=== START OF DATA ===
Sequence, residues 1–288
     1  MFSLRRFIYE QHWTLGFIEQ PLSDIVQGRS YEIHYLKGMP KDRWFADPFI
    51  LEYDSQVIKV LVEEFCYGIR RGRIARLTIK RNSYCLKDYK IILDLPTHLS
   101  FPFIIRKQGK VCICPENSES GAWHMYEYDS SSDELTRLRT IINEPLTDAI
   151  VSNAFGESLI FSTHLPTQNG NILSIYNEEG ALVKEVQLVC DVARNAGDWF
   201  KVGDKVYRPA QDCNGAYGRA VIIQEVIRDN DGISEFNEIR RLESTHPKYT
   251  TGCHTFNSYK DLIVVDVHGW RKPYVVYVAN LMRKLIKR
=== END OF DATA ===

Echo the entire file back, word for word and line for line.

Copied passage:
Sequence, residues 1–288
     1  MFSLRRFIYE QHWTLGFIEQ PLSDIVQGRS YEIHYLKGMP KDRWFADPFI
    51  LEYDSQVIKV LVEEFCYGIR RGRIARLTIK RNSYCLKDYK IILDLPTHLS
   101  FPFIIRKQGK VCICPENSES GAWHMYEYDS SSDELTRLRT IINEPLTDAI
   151  VSNAFGESLI FSTHLPTQNG NILSIYNEEG ALVKEVQLVC DVARNAGDWF
   201  KVGDKVYRPA QDCNGAYGRA VIIQEVIRDN DGISEFNEIR RLESTHPKYT
   251  TGCHTFNSYK DLIVVDVHGW RKPYVVYVAN LMRKLIKR